New Concept:Virtual Economy in Game

By: sgoldteven
There is a popular multiplayer computer game called World of Warcraft in which you go around killing dragons and pretend you're a wizard and all that. This is one of those games that has an ongoing virtual universe built around it. In the life of your character you need to make money to buy weapons and armor and things. One of the ways you can get some money is through "farming" for gold. (Strange term, but whatever.)

Now "farming" isn't as fun as duelling and casting spells and all that nerdological geekitude; it's a time-consuming chore.

Gold and other items in this game are transferrable from one player to another. You could do a ton of work to get some loot and then give it...or sell it, for real money, to a lazy player who just wants to have more toys.

Now the amount someone would be willing to pay for this virtual gold isn't gonna be worth your time. You're much better off working at White Castle than pulling shifts on Warcraft, so the farmer-for-hire thing hasn't taken off in American suburbia.

But some industrious entrepeneurs made a few calculations and learned a very valuable fact... The amount an American kid is willing to pay for this imaginary gold is well worth the time of a Chinese peasant. So the Warcraft sweatshop was born.

As you read this, there are rooms of rural Chinese sitting at terminals, farming computer gold in 12-hour shifts (each character has 2 people working it 24 hours a day), staying carefully out of the purview of the game's administrators, and trying not to bother the real players. Agriculture on planet earth can't provide them with the $150 (equivalent) check they recieve for a month of Warcraft farming.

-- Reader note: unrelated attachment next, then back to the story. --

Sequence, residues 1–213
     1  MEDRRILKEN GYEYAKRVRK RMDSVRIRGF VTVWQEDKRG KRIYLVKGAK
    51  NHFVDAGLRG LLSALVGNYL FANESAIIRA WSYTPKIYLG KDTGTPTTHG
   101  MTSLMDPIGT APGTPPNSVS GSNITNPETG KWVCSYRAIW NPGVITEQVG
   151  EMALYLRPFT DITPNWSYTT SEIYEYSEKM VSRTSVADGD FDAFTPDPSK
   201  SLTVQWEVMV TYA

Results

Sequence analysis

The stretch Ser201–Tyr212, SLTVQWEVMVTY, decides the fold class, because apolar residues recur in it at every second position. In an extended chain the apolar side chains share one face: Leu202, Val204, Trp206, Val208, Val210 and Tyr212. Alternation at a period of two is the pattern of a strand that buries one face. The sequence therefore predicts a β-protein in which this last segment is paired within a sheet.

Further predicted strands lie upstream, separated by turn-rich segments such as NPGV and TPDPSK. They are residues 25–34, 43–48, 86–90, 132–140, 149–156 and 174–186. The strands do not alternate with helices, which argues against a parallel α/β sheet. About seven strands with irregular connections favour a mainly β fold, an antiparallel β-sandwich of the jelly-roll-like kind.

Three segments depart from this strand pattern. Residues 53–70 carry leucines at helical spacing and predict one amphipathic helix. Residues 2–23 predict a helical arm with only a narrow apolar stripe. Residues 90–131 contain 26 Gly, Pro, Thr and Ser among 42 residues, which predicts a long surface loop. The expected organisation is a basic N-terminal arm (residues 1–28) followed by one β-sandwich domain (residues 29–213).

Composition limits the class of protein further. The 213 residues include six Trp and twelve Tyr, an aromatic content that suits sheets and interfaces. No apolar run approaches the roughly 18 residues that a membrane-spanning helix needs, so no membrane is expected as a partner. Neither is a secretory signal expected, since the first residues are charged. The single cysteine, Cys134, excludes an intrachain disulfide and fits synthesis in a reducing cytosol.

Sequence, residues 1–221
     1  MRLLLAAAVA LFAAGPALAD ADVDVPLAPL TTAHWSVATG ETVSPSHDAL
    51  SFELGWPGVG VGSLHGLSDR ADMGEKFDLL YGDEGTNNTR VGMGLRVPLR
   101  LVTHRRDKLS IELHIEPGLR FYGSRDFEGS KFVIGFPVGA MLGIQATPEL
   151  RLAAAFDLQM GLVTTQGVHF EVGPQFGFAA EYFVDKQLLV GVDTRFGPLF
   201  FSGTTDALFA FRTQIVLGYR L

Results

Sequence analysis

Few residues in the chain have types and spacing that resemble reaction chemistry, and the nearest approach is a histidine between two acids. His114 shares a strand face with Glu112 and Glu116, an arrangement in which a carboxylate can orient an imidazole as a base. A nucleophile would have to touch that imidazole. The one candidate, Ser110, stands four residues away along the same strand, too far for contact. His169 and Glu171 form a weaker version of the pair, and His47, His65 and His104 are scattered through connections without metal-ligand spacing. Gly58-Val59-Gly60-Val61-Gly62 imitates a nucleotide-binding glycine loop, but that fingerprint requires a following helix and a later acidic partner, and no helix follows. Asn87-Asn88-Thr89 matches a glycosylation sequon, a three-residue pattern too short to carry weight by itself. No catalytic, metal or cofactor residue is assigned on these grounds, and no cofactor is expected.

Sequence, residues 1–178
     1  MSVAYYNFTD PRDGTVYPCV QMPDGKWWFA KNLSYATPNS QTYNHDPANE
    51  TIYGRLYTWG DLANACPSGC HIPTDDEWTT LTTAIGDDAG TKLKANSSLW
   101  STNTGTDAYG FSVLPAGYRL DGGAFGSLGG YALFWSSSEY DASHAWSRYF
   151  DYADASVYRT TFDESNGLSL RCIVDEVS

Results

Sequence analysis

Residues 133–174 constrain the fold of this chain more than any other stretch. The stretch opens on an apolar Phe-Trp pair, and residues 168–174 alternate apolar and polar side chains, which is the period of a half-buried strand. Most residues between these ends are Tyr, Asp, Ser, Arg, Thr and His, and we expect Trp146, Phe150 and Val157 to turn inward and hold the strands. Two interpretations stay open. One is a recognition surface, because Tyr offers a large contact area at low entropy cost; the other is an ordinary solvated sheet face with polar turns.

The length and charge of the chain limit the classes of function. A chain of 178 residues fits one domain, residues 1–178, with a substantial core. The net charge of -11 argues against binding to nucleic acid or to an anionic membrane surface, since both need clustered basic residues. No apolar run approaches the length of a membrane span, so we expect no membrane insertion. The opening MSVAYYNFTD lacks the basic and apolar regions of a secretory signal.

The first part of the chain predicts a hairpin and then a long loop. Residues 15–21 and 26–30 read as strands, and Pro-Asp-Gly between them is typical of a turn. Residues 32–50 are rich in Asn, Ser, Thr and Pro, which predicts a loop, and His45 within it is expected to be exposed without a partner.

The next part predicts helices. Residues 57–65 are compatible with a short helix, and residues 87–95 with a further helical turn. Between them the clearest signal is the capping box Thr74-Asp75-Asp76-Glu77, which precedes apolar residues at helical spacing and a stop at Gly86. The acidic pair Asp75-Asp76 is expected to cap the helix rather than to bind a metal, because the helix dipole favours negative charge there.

That's 42 cents an hour, and low enough that the white middle-man can make a sweet profit when he resells these "goods" to his customers over here.

This process is the same phenomenon as clothing manufacture, and a million other tangible things. And you know what happens when a flood of cheap foreign goods suddenly becomes available on the American market? The value of the products plummet.

In Warcraft, it's the currency itself that's being overproduced, not just any product. That means it'll take more units of that currency to exchange for any product. Inflation. The price of everything goes up. Everything you worked so hard to save up suddenly becomes worth so much less.

The Warcraft economy appears to be on the lip of this plunge and administrators are taking steps to curb inflation. When they find a career farmer, they ban the character. Now the farming company has to re-buy the game and set up a new account. This makes the process of creating these goods overseas more expensive, and functions similar to a tariff (which is a protective tax).

With these tariffs, the price of overseas goods rises, and it becomes more worth the time of Americans to...well...farm their own damn gold. As it were.

But there are ways of getting around this barrier. One is through a black market. (This system is already a black market, though not illegal in the real world, and such an approach would only mean being more sneaky and stealthy.) Another is to increase productivity per dollar on the supply side. e.g. Xian used to get $150 every month (42 cents/hour), but now he only gets $100 and has to work 14 hour shifts, to counteract the effect of the tariff.

But however it happens, water finds its way to the ocean, and cheap foreign goods find their way to the American market. If it gets really out of control in Warcraft, then gold, and anything that can be produced through time and effort--anything that's not finite in amount will become worthless, and trade will occur among things that are finite, or require much greater skill to acquire...or everyone will turn the game off and read a book. Probably Dragonlance.

If that happens, it'll be like a factory shutting down. It'll put a bunch of rural Chinese out of work all at once.

There is a balance, which in the real world, the Treasury, and the Federal Reserve, and a bunch of International Organizations try to maintain. And by maintain, I mean getting as much cheap shit for themselves as possible without throwing the system completely out of whack. (In the finance industry, human rights is a footnote, if anything.)

What lies ahead for the Warcraft economy? Let's keep watching it in the future.
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